Congruences, primes and integersDefinitionsRepresentationHighest common factorCoprime integersEuclidean algorithmBézout's identityDivisibility of common factorsLowest common multiplePrime factorisationFundamental Theorem of ArithmeticDivisors of an integer Finding the and of two numbers (in prime representation)Congruence of integersDefinitionIdentitiesArithmetic modulo Multiplicative inversesChinese remainder theoremFermat's little theorem

Let . We say divides if for some . When divides , we write .

The integer is called the quotient, and is the remainder.

Example: If and , then the equation is .

The quotient is and the remainder .

Example: Let and suppose that and . Then for any .

Proof: Let and with . Then for :

Hence, .

Let . A **common factor** of and is an integer that divides both and . The **highest common factor** (or greatest common divisor) of and , written , is the largest positive integer that divides both and .

Example: and .

Two integers and are said to be coprime if their highest common factor is . For example, and are coprime.

Note that coprime integers need not be prime.

The **Euclidean algorithm** is a step-by-step method for calculating the common factors of two integers. Like most algorithms, the definition of the euclidean algorithm can be often displayed as pseudocode, but it may be easier to look at an example:

Example: Find .

First, we write , and let .

- Divide into and get a quotient and remainder:

- Divide into :

- Divide into :

- Divide into :

- Divide into :

We stop here as we have reached a remainder of .

We now claim that .

To prove this, we work backwards. Step 5 shows that , hence Step 4 shows that , and so on, until Step 2 shows that and Step 1 shows that .

Therefore our claim that was right.

Example: From the previous example, we know that , so by Bézout's identity . To find such integers and , we use the steps from the Euclidean algorithm that we performed to find previously. We start from the penultimate step:

Step 4:

Step 3:

Step 2:

Step 1:

Thus, we have found our integers and . Note that there will be many other values of and which will also work.

.

Proof: Let . By Bézout's identity, . If is a common factor of and , then divides (any linear combination of and . By the same idea as the second example in the Representation section above), and hence divides .

Let . A **common multiple** of and is an integer which is a multiple of both and . The **lowest common multiple** of and , written , is the smallest positive integer that is a multiple of both and .

Let be an integer with . Then:

is equal to a product of prime numbers:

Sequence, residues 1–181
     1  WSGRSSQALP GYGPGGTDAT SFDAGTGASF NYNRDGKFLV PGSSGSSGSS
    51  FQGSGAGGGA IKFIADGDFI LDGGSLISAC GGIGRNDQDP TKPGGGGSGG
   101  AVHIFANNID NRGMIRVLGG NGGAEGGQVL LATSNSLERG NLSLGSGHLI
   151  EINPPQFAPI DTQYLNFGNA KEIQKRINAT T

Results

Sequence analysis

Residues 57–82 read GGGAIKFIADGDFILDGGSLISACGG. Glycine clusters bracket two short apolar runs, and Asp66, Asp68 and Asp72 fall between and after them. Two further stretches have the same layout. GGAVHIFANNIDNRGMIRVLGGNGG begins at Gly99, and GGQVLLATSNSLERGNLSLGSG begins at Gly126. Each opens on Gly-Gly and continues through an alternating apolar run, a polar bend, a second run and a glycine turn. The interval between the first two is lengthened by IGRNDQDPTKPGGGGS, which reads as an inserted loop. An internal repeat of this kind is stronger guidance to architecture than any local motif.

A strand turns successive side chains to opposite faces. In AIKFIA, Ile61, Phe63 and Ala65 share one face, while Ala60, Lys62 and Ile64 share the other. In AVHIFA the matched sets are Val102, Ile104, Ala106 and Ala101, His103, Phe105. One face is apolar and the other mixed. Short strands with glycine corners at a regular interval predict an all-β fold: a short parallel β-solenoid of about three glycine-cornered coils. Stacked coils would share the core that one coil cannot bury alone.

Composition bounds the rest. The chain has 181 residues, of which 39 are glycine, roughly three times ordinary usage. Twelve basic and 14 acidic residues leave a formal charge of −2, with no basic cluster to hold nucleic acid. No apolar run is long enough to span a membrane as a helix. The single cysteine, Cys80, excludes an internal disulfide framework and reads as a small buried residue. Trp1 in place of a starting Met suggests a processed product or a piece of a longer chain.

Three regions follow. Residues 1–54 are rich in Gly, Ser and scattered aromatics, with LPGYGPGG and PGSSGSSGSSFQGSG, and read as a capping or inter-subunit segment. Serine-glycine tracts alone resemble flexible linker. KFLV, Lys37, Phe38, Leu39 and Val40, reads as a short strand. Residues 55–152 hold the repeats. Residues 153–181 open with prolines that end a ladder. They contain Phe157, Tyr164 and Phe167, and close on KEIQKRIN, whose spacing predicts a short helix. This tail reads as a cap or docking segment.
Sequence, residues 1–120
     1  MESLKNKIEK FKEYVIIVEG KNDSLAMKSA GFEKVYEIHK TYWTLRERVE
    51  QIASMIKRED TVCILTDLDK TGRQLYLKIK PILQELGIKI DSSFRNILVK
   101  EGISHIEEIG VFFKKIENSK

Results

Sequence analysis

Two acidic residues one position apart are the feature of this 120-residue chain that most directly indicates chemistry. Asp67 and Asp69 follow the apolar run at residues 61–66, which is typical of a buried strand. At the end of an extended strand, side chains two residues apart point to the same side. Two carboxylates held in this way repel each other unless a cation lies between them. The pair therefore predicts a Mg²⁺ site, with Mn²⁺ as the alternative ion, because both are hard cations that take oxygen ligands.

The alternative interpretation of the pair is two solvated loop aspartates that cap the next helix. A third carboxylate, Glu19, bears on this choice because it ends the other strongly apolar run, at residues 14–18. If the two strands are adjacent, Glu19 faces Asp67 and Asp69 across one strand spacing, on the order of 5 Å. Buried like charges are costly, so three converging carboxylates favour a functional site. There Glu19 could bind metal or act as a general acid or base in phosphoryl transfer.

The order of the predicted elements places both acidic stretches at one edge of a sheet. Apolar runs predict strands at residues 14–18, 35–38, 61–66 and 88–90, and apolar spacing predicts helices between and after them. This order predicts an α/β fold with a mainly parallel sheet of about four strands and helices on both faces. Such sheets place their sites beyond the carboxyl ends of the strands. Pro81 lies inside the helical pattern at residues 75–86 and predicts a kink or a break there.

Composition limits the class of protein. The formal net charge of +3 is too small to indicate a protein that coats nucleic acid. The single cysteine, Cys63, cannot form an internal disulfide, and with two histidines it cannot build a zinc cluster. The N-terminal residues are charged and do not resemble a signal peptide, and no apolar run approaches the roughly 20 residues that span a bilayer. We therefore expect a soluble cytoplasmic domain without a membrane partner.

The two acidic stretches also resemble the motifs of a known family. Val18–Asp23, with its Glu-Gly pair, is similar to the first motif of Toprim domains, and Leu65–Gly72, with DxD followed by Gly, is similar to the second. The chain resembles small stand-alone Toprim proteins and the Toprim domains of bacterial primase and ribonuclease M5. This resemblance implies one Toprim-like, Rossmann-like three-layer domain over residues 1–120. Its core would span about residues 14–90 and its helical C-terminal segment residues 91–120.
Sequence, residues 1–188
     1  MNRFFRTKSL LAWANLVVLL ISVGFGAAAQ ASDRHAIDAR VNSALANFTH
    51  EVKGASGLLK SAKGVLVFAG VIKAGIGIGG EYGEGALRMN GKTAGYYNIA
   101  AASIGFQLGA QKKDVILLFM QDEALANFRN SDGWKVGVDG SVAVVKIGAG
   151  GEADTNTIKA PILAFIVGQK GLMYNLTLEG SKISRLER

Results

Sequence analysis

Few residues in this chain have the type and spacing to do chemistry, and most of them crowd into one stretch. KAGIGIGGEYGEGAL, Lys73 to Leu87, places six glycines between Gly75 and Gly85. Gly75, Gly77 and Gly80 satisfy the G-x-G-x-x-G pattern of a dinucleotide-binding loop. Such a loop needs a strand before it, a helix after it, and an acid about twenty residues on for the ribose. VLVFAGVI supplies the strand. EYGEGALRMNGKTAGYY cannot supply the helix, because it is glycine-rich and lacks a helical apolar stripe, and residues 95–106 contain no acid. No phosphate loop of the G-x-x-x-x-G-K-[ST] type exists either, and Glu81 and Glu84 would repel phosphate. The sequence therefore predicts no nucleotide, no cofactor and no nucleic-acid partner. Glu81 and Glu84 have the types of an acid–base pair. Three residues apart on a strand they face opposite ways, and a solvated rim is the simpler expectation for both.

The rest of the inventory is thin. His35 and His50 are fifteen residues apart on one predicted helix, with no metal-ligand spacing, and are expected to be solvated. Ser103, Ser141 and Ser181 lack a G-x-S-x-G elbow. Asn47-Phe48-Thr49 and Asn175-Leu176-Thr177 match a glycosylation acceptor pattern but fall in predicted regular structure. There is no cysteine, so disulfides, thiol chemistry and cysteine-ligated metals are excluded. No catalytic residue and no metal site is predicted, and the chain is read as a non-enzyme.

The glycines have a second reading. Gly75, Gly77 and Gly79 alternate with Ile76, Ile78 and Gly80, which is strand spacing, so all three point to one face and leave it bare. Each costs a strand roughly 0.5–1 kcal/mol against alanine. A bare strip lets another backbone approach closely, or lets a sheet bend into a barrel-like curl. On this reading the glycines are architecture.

where is a prime and .

This prime factorisation of is unique. In other words, if:

where the s and s are all primes such that and , then

Alternatively, it may be the case that some of the s are equal to each other. If we collect these up, we obtain a prime factorisation of form:

Where and .

Let where s are prime, and and the s are positive integers. If divides , then:

with .

Example: The only divisors of are the numbers , where and .

Let be integers with prime factorisations:

where the are distinct primes and all . Note that some of the and can be 0. Then:

Let . For , if divides we write and say is congruent to modulo .

Example: and

Let be a positive integer. The following are true :

Suppose and . Then:

If and is a positive integer, then .

Example: Find the remainder when is divided by .

The remainder is .

The set of integers modulo is denoted as :

The **multiplicative inverse** of an integer is another integer such that .

If and , then has a multiplicative inverse (and it is unique ).

Let be pairwise coprime positive integers greater than and be arbitrary integers. Then the system:

has a unique solution modulo .

Example:

We will work out the sum in three sections:

+ + + + Consider the first section, . We want to ignore the other sections (when considering the first section), by making them congruent to . We can do this by including in their sections, since .

+ + + + Do the same for sections and (by multiplying):

+ + + +

+ + + +

- In , we would have:
Which is what we want, so we can leave the section.

- In , we would have:
But we need . If we multiply by , we get . We can then multiply by to get .

So we need to add and to the middle section:

+ + + +

- In , we would have:
But we need . If we multiply by , we get as required, so we need to add a to the last section in the table:

+ + + + Giving us . Note that this isn't the only solution. We could have where is any positive or negative integer. A nicer looking solution would be when , we have .

Let be a prime number, and let be an integer that is not divisible by . Then

Example: , and .

Example: Find .

Fermat's Little Theorem tells us that . Dividing into , we get , so:

So we only need to work out , which can be done by the method of successive squares.